When I first became a language teacher, in the 1980s, not much thought was put into the theory that underlies what it is to be or become a teacher. I was very intuitive, my students seemed to enjoy my classes, were very participative and, most important of all, they were learning the language. I was hard working and extremely committed to my job. At that time, I could not see the necessity of having a theoretical background for my classroom practice. I had the course book, I was creative, I spoke the language fluently, I planned my classes carefully. Intuition was my guidance.
Nearly 30 years have gone by.
Ironically, teacher training has become my life. If I had known then what I know now, I believe my students would have become much better learners and speakers of the foreign language they were attempting to learn.
As Russell and Munby (1991, p. 164) point out: “Ask any teacher or professor, ‘How did you learn to teach?’ As likely as not, the response will be ‘by teaching’ or ‘by experience’, and little more will follow, as though the answer were obvious and unproblematic. While there is an implicit acknowledgement that actions and performances can be learned through or by experience, there is little understanding of how this comes about.”
The premise that teaching ability is something innate is very mistaken. Some people are born to be teachers. We have all met someone who cannot be seen, other than inside a classroom. On the other hand, most of the teachers we encounter in our education system are ones who have a university degree in Education, have been teaching ever since, however, need help to make that jump from being an ordinary teacher to a great one.
Teaching can and should be taught. Not only during the university courses, but throughout the whole career. When teachers adventure out to teach their first class coming fresh out of their university courses, they are able to put into practice a little of what they learned and a lot of it they pick up on the job, from their own experience. After a few years, they learn how to pull the strings so that the students learn what they are supposed to learn in that year. However, after some time, teachers tend to settle down into a comfort zone of underestimating what our students are able to learn.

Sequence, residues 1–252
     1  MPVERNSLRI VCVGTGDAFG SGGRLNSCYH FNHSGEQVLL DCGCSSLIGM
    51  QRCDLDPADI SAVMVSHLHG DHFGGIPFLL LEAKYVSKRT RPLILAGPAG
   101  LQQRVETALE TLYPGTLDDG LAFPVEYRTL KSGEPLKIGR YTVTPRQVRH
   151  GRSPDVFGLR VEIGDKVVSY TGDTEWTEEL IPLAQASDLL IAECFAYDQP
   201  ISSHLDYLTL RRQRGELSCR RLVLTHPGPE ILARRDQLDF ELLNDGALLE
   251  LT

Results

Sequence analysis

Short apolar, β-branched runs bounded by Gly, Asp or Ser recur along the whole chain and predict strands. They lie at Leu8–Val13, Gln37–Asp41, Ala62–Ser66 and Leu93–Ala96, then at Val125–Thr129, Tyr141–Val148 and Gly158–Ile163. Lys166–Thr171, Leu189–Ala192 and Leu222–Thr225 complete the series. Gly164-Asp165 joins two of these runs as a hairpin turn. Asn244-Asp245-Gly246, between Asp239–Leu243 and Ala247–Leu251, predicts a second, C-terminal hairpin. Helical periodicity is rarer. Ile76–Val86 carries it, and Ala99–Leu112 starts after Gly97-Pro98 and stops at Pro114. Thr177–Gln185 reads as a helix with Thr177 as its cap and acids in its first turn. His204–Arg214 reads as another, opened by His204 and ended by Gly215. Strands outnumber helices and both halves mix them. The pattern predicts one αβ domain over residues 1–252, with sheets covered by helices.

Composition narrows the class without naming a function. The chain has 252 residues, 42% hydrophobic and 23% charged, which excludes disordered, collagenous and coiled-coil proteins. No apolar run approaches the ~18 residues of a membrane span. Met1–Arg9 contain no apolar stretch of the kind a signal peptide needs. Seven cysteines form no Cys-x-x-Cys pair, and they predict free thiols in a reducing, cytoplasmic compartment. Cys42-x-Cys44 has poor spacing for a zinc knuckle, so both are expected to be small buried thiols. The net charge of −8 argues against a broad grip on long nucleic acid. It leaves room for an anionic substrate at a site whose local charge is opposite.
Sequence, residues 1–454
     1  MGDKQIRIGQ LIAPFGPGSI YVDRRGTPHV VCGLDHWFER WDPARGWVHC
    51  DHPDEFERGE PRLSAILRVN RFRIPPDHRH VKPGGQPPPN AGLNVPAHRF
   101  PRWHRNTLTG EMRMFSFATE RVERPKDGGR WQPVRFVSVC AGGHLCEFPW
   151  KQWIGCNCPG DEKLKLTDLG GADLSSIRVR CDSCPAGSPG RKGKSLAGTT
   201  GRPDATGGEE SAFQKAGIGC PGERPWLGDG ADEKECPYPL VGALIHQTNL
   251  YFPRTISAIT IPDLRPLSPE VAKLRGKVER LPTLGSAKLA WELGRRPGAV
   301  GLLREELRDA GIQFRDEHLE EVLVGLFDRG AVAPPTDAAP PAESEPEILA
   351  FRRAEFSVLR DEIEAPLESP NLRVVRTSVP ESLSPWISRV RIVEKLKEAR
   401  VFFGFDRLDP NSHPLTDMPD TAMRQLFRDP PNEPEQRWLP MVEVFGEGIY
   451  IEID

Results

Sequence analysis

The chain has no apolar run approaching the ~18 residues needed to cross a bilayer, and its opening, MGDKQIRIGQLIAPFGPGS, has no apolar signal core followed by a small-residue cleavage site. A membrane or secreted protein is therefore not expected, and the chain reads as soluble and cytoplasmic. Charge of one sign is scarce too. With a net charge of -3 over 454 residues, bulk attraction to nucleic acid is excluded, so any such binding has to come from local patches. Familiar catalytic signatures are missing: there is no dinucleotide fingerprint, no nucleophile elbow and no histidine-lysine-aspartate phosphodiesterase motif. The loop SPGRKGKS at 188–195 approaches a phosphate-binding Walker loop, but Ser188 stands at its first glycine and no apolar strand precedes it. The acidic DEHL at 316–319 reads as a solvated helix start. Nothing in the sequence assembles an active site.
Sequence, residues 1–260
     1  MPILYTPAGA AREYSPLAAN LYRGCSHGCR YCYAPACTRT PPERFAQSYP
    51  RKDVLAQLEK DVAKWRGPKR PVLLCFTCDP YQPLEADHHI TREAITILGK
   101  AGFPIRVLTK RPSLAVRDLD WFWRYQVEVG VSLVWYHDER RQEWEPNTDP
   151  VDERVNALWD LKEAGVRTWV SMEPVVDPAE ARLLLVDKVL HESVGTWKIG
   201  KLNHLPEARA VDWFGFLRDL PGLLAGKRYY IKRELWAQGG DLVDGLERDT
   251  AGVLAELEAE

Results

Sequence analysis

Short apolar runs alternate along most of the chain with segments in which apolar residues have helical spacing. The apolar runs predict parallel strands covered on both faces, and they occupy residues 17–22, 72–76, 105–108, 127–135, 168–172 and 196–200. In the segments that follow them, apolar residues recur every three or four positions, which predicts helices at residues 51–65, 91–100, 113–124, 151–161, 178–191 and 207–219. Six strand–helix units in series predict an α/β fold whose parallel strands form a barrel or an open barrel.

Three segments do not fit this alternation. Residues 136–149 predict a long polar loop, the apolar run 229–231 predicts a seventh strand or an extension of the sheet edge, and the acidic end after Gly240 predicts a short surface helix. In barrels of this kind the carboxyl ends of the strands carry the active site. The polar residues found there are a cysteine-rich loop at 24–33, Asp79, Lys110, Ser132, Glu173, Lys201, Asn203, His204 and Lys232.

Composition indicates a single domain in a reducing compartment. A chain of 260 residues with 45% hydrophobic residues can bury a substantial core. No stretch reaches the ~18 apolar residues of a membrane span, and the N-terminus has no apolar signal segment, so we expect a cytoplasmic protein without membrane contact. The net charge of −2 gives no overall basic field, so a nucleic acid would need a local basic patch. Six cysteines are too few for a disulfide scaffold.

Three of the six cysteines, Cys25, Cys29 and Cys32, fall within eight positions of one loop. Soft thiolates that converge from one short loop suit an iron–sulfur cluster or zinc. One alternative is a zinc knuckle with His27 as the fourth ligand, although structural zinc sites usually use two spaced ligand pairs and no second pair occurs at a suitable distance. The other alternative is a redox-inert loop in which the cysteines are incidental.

Teaching can and should be taught. Teaching is an extremely complex profession, dealing with many different skills that need to be mastered, not only by the knowledge of theories, but also by being guided through by trainers with pedagogical methods, self- assessment sessions, classroom observation, guidance and view. There is no such thing as a bad teacher. I would say there is a lack of interest by many schools who are neglecting their most important students: their teachers.
Teaching can and should be taught. As teachers, our main objective is not to teach students a certain content, but teach them how to learn that certain content. In order to do so, different aspects of teaching must be taken into consideration: pedagogical content knowledge, collaborative work, knowledge of multiple intelligences, classroom management, theories of teaching and learning, reflective teaching, feedback sessions and many more. How is a teacher able to do all this without guidance and training on a daily basis?
With the advent of technology, so much more can be done for our students, and even more for the teachers. To be a teacher means to never stop learning and it makes it so much easier if you have someone to guide you on this exciting path of constant research.
Are teacher trainers really necessary? Yes! Definitely. Big changes are needed in schools. Classroom observations with critical and constructive feedbacks, teachers with clear goals and procedures on how to reach that goal, teachers encouraging students to think critically, teachers with clear classroom management and instructional skills. We have a long way to go!